2. Select ‘Chart’ under the ‘Illustrations’ group.
  3. Select ‘Waterfall’ from the list of chart options and click OK. This will populate your slide with a waterfall chart template, along with an Excel spreadsheet pop-up.

Add data to your PowerPoint waterfall chart

Click on ‘Edit Data’ to add or edit data in your chart

Right click to access ‘Edit data’ command in a PowerPoint waterfall chart.

Data (x-axis labels and values) is added or edited through your chart’s associated Excel window. Your chart Excel window can be accessed as follows:

  • Automatically opens when you first insert your chart.
  • Select ‘Edit Data’, accessible by right clicking on the chart or through the ‘Chart Design’ ribbon.

Note: PowerPoint functionality does not allow for stacked waterfall charts, so adding additional columns of data will not result in changes to your chart. Click here to see an overview of the benefits of using think-cell to create waterfall charts in PowerPoint, including the ability to create stacked waterfall charts.

Click on ‘Select Data’ to change the visible data in your chart

Image showing navigation to Select Data command in the Chart Design ribbon in order to adjust the data on the waterfall chart.

If you’re adding or removing rows of data to your chart, you’ll need to adjust the selected data your chart is reading from and therefore shows. This can be done as follows:

  1. Click on the ‘Select Data’ command accessible within the ‘Chart Design’ ribbon. This will open the ‘Select Data Source’ window as well as your chart’s Excel window.
  2. Adjust your ‘Chart data range’, selecting the data in your chart’s Excel window you want to show.
Image showing Select Data Source window to specify the data range or source for the chart, allowing user to update the chart's data.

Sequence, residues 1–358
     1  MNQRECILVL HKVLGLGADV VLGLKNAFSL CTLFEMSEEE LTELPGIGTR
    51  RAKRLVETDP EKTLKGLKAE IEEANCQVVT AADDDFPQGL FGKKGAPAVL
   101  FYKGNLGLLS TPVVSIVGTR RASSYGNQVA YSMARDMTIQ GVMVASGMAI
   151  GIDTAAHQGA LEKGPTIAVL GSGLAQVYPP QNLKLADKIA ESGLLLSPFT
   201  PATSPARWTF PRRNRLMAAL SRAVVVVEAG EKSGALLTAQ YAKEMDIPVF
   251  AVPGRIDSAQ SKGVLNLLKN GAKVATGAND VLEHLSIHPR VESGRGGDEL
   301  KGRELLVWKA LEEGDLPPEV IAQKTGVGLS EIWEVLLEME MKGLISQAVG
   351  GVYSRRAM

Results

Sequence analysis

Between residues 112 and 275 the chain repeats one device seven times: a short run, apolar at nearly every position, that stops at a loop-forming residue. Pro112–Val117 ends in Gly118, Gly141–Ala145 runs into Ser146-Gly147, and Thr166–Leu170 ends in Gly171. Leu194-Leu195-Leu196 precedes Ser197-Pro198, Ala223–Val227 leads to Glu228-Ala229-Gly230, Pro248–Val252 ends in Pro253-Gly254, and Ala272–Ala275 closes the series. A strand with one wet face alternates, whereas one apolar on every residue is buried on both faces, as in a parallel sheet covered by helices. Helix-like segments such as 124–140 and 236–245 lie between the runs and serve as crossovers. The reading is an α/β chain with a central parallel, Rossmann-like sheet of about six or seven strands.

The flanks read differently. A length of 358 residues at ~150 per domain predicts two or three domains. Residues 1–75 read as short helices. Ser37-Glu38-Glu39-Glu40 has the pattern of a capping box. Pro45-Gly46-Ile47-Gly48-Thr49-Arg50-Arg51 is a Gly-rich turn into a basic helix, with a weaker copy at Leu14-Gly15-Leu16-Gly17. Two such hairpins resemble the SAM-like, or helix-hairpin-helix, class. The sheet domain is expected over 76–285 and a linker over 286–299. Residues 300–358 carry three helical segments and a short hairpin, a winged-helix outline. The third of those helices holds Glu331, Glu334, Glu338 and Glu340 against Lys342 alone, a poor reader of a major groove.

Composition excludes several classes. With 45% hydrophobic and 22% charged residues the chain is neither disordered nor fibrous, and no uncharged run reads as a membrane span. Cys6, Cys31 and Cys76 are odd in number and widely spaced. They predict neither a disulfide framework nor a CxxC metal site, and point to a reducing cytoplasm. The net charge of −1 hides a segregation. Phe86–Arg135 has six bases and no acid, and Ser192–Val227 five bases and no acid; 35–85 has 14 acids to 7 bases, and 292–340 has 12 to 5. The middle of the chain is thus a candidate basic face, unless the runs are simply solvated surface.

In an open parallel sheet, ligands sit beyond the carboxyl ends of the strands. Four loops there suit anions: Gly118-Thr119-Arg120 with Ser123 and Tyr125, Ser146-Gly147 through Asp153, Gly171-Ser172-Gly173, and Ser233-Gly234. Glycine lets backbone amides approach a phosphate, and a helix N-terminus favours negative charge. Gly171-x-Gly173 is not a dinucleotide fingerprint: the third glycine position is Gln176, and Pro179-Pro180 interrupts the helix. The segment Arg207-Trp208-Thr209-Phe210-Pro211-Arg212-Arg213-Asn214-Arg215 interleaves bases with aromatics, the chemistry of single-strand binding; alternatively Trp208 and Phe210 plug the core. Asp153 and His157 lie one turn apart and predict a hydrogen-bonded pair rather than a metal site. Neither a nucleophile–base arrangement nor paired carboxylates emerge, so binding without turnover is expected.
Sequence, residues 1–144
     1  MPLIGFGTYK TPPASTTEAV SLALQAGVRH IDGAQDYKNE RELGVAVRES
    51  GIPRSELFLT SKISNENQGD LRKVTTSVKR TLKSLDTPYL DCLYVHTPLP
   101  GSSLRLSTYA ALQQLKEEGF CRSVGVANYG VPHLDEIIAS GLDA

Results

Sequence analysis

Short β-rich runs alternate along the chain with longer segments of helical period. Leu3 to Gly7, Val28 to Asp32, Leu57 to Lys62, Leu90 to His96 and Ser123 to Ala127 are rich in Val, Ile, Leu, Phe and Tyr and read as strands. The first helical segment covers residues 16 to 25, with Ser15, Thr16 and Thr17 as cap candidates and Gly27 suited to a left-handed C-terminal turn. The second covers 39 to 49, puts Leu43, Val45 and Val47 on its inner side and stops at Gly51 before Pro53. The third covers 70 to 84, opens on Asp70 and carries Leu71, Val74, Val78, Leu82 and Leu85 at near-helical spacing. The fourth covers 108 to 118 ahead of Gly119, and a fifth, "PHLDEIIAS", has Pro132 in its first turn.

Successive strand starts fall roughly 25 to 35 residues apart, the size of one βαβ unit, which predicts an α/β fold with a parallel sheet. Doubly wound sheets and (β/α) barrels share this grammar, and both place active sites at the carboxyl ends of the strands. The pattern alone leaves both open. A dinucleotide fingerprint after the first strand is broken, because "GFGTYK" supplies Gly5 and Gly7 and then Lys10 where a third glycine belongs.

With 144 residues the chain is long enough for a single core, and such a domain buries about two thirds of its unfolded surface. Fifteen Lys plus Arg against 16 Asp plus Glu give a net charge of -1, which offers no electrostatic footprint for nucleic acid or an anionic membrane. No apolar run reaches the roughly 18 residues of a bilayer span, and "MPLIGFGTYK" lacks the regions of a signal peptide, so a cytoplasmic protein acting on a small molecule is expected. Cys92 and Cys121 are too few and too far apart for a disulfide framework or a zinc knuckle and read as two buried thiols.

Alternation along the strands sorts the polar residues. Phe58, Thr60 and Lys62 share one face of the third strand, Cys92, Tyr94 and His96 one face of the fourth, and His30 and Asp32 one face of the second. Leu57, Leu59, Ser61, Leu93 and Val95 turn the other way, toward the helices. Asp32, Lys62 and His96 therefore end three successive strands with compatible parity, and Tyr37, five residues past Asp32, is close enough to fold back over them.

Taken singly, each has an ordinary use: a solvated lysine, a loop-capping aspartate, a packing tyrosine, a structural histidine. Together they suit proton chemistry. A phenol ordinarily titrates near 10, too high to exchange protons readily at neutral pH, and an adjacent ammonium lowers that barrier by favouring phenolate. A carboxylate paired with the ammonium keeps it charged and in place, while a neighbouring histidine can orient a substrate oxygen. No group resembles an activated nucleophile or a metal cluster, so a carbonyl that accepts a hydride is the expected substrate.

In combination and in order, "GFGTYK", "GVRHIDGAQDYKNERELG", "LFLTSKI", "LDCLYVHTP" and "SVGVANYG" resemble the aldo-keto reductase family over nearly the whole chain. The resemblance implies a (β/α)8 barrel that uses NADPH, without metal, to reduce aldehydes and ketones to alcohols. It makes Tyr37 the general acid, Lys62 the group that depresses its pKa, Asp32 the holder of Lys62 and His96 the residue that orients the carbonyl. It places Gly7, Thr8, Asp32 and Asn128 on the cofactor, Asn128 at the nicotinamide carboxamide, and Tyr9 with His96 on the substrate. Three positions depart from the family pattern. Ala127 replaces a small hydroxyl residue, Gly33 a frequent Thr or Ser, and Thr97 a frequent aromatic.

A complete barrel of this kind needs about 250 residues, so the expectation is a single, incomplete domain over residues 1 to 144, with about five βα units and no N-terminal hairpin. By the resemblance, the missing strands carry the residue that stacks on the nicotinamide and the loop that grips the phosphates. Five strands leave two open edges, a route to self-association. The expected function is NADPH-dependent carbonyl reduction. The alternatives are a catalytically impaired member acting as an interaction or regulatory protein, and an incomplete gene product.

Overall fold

Use the ‘Set as total’ checkbox to make your values totals or sub-totals

A column set to total showing the incremental change between consecutive data points.

Data in your chart can either be:

  • A total, meaning the value is seen as a column that connects to the horizontal x-axis.
  • A sub-total, meaning the value is seen as a floating box.

Tick or untick the ‘Set as total’ checkbox to toggle a datapoint between the two. To access this checkbox, double-click on the datapoint to open its ‘Format Data Point’ task pane. You will see the checkbox under ‘Series Options’.

Style and format your waterfall chart

With your data inserted, it’s time to style your waterfall chart. Styling and formatting can be applied to the entire chart or an individual chart element. Make your selection, and then use the ‘Chart Design’ and ‘Format’ ribbons, or the format task pane that appears on the right when a selection is made, to make your desired styling and formatting changes.

You can format ‘Increase’, ‘Decrease’, or ‘Total’ values as a group by selecting the respective legend element and formatting as desired.